All this Mr. McLeod has well proved, and from these sources of argument particularly which belong to his profession. On one question only I differ from him, and it is that which constitutes the subject of his first discourse, the right of discussing public affairs in the pulpit. I add the last words, because I admit the right in general conversation and in writing; in which last form it has been exercised in the valuable book you have now favored me with.

      The mass of human concerns, moral and physical, is so vast, the field of knowledge requisite for man to conduct them to the best advantage is so extensive, that no human being can acquire the whole himself, and much less in that degree necessary for the instruction of others. It has of necessity, then, been distributed into different departments, each of which, singly, may give occupation enough to the whole time and attention of a single individual. Thus we have teachers of languages, teachers of mathematics, of natural philosophy, of chemistry, of medicine, of law, of history, of government, etc. Religion, too, is a separate department, and happens to be the only one deemed requisite for all men, however high or low.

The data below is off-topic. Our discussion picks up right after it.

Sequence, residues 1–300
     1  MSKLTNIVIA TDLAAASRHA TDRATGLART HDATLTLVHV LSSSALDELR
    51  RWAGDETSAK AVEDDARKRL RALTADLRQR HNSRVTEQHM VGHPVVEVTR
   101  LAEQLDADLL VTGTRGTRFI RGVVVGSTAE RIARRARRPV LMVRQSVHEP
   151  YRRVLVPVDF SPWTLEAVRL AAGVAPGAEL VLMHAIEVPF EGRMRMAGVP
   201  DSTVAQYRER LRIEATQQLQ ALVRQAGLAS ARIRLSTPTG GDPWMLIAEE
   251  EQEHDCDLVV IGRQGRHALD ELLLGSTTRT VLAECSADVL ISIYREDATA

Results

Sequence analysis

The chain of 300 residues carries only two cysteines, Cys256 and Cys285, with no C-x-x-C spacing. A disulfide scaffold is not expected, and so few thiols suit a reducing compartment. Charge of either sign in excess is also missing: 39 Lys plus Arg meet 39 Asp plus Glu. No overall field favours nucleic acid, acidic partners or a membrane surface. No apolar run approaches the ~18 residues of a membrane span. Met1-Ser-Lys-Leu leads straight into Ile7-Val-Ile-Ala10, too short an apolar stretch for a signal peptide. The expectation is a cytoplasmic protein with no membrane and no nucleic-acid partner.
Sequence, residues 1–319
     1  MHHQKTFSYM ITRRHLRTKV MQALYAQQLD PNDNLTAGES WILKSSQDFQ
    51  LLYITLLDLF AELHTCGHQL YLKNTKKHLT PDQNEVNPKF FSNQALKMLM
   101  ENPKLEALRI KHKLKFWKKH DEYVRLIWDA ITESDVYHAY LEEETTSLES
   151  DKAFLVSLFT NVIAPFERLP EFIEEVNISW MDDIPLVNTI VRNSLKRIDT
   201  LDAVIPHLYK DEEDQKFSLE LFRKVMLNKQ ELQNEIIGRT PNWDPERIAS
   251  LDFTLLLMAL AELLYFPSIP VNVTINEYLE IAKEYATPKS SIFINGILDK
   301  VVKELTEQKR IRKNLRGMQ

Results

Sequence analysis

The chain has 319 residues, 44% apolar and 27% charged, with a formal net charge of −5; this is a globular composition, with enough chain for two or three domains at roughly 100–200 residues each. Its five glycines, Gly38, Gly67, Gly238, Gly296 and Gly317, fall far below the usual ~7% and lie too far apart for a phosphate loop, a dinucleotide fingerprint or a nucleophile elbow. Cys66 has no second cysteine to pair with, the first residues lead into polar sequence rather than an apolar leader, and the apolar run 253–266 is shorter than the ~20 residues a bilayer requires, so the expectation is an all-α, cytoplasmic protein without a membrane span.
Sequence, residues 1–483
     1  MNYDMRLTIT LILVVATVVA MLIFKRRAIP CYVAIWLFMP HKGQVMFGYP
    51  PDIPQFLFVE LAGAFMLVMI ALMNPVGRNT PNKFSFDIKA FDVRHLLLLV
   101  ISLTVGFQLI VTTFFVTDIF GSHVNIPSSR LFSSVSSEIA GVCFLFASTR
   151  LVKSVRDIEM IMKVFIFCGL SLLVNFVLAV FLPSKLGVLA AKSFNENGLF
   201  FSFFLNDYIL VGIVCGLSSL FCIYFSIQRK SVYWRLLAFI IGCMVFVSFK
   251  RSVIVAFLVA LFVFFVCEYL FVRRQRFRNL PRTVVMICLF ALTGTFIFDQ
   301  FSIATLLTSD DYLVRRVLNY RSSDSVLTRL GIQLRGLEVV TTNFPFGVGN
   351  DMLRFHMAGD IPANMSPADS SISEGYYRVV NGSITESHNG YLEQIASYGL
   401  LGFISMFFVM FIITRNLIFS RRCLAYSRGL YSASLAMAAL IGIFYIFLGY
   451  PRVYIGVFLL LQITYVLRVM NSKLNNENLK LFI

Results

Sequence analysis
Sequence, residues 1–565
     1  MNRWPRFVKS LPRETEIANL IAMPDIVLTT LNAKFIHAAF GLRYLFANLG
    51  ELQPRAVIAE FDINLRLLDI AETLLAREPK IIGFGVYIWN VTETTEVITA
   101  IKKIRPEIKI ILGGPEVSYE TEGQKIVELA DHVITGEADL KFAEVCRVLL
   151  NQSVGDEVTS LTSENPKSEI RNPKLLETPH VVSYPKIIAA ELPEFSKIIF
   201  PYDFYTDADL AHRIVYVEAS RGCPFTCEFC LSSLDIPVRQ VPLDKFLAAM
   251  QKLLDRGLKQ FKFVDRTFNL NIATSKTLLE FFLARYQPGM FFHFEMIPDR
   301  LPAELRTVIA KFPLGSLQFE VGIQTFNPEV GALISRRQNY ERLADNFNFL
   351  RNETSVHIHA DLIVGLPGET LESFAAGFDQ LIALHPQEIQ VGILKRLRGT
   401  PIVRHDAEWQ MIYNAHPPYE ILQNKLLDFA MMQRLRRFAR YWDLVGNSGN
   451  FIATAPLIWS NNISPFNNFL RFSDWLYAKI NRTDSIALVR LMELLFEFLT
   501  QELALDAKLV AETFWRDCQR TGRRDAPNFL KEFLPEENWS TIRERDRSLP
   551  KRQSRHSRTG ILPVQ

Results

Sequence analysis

Collections of men associate together, under the name of congregations, and employ a religious teacher of the particular sect of opinions of which they happen to be, and contribute to make up a stipend as a compensation for the trouble of delivering them, at such periods as they agree on, lessons in the religion they profess. If they want instruction in other sciences or arts, they apply to other instructors; and this is generally the business of early life. But I suppose there is not an instance of a single congregation which has employed their preacher for the mixed purposes of lecturing them from the pulpit in chemistry, in medicine, in law, in the science and principles of government, or in anything but religion exclusively. Whenever, therefore, preachers, instead of a lesson in religion, put them off with a discourse on the Copernican system, on chemical affinities, on the construction of government, or the characters or conduct of those administering it, it is a breach of contract, depriving their audience of the kind of service for which they are salaried, and giving them, instead of it, what they did not want, or, if wanted, would rather seek from better sources in that particular art or science. In choosing our pastor we look to his religious qualifications, without inquiring into his physical or political dogmas, with which we mean to have nothing to do. I am aware that arguments may be found which may twist a thread of politics into the cord of religious duties. So may they for every other branch of human art or science.